Since its first race in the ’50s, Formula One has been a premier racing championship worldwide. One of the official Formula One racing teams was Tyrrell Racing Organizations, also known as Tyrrell Racing. The team was founded by Ken Tyrrell, a veteran of the Royal Air Force who served during World War II. He started the team, fully intending to be the driver, but soon realized he was not very good, so he became the team’s manager instead. The team started racing in ’58 in lower-level leagues and were finally able to advance to the Formula One races in 1968 with the help of the French auto manufacturer Matra and driver Jackie Stewart. Stewart, also known as “The Flying Scot” was discovered and contracted by Tyrrell. The 1970s was the team’s most successful period. They won three drivers championships, one constructor’s championship and started building their own cars. The team ceased to exist in ’98, after it was bought out the previous year.
The ’70s was the best decade the team had ever seen, so no one was surprised when Ken Tyrrell and Derek Gardner, a designer on the team, introduced a new concept race car. Ken and his team designed a six-wheeled race car with four wheels in the front. They called it the Tyrrell P34. This was considered “the most radical entries to ever succeed in Formula One races and has been called the most recognizable design in history of world motorsports.” (Newatlas 2003). The car was such a well-kept secret, not even the car’s driver knew about its existence until it was introduced to the world in ’75 as the Tyrrell P34. The car made its first appearance on the track in ’76. There was little competition in Formula One races since pretty much every car was built the same using the same equipment, so it was a welcome addition to the racing world.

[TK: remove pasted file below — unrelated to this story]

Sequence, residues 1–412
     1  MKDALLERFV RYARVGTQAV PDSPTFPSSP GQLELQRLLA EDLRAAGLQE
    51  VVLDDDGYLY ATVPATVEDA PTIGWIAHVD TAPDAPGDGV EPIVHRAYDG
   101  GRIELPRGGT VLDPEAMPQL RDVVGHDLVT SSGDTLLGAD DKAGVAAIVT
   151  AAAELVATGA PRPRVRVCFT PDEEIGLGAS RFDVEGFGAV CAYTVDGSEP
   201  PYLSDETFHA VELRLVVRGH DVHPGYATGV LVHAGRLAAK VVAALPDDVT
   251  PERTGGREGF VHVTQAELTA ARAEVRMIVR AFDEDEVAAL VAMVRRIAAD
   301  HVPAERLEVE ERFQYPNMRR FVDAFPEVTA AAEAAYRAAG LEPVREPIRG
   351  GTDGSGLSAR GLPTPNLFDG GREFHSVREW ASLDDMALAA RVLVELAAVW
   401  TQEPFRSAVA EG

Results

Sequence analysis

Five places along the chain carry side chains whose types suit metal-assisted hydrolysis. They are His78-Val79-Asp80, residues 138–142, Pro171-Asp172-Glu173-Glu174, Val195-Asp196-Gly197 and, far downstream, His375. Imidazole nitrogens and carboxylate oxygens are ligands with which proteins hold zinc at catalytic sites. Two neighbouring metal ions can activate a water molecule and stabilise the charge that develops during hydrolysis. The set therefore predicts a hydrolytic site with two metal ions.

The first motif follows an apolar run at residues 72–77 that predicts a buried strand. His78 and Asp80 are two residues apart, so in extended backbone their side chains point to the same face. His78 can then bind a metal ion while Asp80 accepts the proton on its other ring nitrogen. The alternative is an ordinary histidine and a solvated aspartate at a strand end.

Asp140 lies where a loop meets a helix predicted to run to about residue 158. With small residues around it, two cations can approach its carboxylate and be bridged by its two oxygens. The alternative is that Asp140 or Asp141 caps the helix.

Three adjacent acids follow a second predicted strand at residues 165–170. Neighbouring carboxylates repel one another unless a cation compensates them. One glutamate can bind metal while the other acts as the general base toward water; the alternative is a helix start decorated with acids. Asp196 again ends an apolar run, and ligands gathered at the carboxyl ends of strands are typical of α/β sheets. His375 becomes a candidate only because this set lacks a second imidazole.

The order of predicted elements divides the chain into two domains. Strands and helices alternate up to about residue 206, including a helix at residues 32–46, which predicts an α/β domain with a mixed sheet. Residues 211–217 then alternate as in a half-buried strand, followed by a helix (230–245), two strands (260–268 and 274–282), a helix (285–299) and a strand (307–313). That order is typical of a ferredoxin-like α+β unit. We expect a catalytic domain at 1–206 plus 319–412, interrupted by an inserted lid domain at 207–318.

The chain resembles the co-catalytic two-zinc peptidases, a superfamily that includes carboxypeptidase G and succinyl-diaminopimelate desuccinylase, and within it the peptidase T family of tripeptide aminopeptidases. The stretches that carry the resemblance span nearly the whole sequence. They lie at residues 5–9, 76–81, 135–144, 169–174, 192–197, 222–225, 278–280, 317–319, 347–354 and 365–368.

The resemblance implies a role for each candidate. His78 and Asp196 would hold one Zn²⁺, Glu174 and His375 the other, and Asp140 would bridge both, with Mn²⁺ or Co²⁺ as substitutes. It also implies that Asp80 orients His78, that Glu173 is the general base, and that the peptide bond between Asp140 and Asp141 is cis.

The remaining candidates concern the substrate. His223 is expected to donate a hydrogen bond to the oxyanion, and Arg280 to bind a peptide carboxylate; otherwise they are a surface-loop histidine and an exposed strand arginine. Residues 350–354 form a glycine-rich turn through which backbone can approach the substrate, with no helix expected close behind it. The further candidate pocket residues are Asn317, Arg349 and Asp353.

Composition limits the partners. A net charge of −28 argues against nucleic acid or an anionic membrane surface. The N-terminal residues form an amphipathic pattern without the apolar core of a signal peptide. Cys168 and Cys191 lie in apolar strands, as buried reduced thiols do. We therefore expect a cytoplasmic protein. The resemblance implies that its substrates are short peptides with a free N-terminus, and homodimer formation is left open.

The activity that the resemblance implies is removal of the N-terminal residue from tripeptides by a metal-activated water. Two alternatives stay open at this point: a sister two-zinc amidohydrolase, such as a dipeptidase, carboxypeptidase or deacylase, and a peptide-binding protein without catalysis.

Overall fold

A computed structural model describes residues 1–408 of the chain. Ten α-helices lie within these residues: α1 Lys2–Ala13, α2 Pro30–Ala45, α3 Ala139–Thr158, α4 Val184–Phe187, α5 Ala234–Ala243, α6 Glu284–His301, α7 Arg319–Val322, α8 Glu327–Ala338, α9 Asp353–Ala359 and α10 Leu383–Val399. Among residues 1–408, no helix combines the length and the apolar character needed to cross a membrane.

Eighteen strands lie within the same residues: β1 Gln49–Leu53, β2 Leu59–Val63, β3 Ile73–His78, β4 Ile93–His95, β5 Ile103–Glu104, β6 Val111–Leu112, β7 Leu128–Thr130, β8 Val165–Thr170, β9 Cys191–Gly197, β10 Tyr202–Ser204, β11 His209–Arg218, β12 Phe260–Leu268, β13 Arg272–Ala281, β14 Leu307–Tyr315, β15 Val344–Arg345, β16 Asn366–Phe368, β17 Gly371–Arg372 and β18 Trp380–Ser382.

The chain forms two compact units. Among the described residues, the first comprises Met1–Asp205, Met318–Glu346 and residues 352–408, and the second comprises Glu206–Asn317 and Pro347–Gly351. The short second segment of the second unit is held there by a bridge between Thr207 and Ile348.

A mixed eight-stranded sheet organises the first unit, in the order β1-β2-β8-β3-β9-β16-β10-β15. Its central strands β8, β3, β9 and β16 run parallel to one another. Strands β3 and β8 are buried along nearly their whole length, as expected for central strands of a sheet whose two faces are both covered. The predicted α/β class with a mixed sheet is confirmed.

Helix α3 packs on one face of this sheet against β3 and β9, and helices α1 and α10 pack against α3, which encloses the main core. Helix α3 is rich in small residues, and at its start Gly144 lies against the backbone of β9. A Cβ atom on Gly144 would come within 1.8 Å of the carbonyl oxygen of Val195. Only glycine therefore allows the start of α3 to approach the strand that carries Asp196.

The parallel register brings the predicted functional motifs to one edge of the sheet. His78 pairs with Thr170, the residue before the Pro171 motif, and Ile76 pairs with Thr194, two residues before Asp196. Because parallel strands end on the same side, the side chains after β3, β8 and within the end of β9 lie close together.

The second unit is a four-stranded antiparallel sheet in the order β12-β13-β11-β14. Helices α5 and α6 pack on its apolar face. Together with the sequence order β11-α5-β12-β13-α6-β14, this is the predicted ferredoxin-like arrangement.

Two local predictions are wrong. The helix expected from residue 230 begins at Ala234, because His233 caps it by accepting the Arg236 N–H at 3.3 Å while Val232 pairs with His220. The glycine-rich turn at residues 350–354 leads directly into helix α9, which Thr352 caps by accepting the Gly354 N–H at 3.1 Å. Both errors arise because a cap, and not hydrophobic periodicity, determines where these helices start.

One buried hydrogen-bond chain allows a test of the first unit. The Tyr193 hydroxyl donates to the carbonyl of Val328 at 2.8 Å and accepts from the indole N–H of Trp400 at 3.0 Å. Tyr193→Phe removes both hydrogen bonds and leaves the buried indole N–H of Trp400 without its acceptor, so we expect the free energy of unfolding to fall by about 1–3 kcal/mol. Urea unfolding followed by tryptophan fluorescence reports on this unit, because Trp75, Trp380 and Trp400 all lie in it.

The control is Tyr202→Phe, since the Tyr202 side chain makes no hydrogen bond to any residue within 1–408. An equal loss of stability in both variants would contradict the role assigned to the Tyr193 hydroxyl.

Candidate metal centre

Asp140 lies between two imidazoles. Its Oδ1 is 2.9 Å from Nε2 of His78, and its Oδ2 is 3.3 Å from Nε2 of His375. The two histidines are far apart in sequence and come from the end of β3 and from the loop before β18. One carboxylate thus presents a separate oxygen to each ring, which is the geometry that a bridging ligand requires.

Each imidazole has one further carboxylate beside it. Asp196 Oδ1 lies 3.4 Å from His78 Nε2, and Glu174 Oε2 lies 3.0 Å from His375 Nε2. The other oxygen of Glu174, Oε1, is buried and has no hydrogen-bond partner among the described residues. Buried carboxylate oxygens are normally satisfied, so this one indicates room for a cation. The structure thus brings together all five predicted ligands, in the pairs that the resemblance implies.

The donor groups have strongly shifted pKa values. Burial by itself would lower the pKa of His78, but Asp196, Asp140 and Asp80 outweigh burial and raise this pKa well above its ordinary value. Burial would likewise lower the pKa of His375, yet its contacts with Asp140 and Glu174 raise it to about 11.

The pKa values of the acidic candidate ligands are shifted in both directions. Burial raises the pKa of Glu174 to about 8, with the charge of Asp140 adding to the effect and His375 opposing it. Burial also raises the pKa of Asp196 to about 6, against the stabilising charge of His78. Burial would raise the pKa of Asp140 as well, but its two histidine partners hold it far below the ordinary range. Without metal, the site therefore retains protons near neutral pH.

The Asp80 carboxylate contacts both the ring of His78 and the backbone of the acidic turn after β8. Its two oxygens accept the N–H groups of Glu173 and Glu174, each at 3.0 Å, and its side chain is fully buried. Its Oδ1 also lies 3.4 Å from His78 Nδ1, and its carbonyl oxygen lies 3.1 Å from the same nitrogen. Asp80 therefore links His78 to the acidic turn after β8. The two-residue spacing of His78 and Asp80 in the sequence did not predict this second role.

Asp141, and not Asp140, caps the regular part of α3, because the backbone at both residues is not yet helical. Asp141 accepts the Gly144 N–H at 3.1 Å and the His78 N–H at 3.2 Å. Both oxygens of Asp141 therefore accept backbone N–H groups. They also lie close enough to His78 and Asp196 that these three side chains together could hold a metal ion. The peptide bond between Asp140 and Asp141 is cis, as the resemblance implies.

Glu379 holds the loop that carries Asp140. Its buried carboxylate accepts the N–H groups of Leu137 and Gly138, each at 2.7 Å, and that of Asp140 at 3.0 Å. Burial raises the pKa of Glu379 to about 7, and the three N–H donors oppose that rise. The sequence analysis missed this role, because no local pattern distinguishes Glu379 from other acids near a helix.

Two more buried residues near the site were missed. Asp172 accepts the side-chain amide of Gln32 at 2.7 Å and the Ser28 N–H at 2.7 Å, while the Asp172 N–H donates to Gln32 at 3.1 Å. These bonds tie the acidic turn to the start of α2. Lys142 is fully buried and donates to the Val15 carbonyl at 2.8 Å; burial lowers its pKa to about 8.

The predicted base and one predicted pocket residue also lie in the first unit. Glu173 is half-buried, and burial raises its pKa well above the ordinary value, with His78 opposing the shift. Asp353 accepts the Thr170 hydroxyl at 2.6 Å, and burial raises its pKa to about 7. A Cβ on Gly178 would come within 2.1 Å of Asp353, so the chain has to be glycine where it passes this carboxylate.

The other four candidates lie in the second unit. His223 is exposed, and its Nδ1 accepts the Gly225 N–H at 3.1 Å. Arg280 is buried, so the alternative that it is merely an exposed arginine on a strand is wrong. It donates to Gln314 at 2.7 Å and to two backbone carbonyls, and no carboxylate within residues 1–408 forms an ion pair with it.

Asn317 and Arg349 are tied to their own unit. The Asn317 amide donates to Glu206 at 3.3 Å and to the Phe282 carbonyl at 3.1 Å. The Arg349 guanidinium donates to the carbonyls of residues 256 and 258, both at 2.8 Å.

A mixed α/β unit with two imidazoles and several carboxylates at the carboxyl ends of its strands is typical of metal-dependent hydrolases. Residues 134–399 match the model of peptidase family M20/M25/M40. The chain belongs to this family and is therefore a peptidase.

The Tyrrell P34 was driven and tested by many: Jody Scheckter, Ronnie Peterson and Patrick Depailler were the most memorable racers though.
Jody Scheckter was not a fan of the car. He stated in an interview that “The braking was supposed to be better: well, it was when you were braking in a straight line, but as soon as you turned in, the little wheels slid and you had to come off the pedal, so there was no advantage there… It only really worked on very smooth surfaces and, back then, there just weren’t many of those around.” (Motor Sport 2008).
Ronnie Peterson, Tyrrell P34 driver in ’77 didn’t seem to like the car either, since he only drove it one season.
Patrick Depailler, however, is credited with several wins in the Tyrrell P34. He had eight podium appearances over a two year span.
Since it was successful, other teams, like March Engineering, Williams and Scuderia Ferrari started to design their own versions of a six-wheeled race car. The main difference between the Tyrrell P34 and the competitors’ versions was that their four wheels were in the back, while Tyrrell’s four wheels were in the front.
Unfortunately the cars were eventually banned from Formula One, since race cars are only allowed to have four wheels total. The Tyrrell P34 was abandoned by Ken Tyrrell in ’78. It now serves along with the other similar projects as museum pieces and will at times make an appearance at historic racing events.
Here are some images of the Tyrell P34 and the respective drivers:
And here are the other six-wheeled race cars:
Ferrari 312T6 IMAGE
March 2-4-0 IMAGE
Today the Tyrrell P34 remains the only six-wheeled race car to have raced and won with more than four wheels.